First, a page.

In Dialogues, three characters debate the nature of God's existence. While all three agree that a god exists, they differ sharply in opinion on God's nature or attributes and how, or if, humankind can come to knowledge of a deity. Other topics debated include the argument for 'intelligent design'--for which Hume uses a house--and whether there is more suffering or good in the world (argument from evil).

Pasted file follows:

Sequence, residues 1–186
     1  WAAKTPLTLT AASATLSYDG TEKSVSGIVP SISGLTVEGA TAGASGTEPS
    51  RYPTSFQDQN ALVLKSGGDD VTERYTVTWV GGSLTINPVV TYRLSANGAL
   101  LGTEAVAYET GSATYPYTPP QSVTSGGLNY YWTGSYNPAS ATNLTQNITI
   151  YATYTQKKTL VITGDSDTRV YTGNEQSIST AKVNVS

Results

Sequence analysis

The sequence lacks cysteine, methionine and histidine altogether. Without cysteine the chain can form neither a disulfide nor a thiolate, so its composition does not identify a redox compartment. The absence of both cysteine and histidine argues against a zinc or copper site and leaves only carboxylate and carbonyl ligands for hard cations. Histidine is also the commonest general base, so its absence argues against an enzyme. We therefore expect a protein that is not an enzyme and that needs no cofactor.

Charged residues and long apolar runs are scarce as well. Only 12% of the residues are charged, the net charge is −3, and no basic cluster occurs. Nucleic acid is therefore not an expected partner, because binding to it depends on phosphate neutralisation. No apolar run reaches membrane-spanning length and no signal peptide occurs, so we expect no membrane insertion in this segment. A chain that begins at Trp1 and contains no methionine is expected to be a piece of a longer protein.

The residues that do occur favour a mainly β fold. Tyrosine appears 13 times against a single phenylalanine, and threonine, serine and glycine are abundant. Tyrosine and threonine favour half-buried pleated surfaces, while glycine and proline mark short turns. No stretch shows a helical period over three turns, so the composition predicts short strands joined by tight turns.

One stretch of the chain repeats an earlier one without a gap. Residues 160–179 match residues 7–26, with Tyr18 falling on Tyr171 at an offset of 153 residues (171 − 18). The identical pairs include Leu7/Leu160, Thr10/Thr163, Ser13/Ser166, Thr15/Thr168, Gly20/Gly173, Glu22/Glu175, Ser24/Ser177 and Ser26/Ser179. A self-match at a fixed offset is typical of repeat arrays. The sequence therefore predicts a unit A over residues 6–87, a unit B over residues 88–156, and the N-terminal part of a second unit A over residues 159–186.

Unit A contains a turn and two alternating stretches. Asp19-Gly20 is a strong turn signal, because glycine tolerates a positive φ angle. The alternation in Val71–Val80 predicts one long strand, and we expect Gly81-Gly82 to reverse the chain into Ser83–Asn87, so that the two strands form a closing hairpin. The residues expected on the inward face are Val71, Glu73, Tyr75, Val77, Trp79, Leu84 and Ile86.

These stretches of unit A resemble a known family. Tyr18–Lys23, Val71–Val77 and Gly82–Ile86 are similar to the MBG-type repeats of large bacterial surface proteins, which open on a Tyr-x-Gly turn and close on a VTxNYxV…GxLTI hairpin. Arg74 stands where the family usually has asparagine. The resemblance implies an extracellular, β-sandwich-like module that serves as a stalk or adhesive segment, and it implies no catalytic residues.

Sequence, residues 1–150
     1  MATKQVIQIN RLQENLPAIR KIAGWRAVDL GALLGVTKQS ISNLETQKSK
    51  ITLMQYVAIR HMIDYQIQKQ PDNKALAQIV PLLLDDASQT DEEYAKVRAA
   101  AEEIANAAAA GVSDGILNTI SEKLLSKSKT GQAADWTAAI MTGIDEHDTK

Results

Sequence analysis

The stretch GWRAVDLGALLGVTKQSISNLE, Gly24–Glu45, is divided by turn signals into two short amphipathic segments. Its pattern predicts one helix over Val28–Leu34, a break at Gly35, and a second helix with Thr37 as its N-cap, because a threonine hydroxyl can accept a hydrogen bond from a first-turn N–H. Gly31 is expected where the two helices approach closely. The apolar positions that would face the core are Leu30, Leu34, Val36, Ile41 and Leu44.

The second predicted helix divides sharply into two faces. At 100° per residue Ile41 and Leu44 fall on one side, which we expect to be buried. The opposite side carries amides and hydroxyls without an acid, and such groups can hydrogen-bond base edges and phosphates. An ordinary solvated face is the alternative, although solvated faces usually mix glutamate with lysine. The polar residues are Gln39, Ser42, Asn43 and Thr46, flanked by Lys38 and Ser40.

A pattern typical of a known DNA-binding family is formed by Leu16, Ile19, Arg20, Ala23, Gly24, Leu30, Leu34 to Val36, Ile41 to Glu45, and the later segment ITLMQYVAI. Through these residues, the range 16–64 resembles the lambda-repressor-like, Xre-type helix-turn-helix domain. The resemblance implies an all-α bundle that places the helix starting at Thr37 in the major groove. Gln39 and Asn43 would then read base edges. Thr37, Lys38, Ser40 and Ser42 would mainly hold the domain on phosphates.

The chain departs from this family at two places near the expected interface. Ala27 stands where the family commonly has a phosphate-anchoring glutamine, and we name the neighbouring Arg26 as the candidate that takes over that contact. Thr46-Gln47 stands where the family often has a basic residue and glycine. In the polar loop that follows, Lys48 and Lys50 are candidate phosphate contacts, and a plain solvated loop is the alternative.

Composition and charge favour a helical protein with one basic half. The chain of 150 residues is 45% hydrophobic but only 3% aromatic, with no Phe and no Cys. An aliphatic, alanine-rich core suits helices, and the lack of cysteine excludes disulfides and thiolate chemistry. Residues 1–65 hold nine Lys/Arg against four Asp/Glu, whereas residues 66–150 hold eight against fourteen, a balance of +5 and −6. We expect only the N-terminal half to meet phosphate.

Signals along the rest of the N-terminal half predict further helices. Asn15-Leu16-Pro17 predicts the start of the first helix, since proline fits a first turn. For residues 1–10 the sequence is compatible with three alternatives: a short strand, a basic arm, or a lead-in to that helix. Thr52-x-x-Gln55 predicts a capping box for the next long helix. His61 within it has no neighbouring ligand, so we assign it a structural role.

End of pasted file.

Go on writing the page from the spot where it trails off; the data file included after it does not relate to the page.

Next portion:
In History of Religion, Hume pioneers a naturalist account of the causes, effects, and historical development of religious belief. Hume locates the origins of religion in emotion, particularly fear and the desire to control the future. He argues that the drive to dominate or eliminate other beliefs, and to put the primitive, emotional core of religion under a veneer of theology leads to intolerance, intellectual dishonesty, and unnatural moral doctrines.
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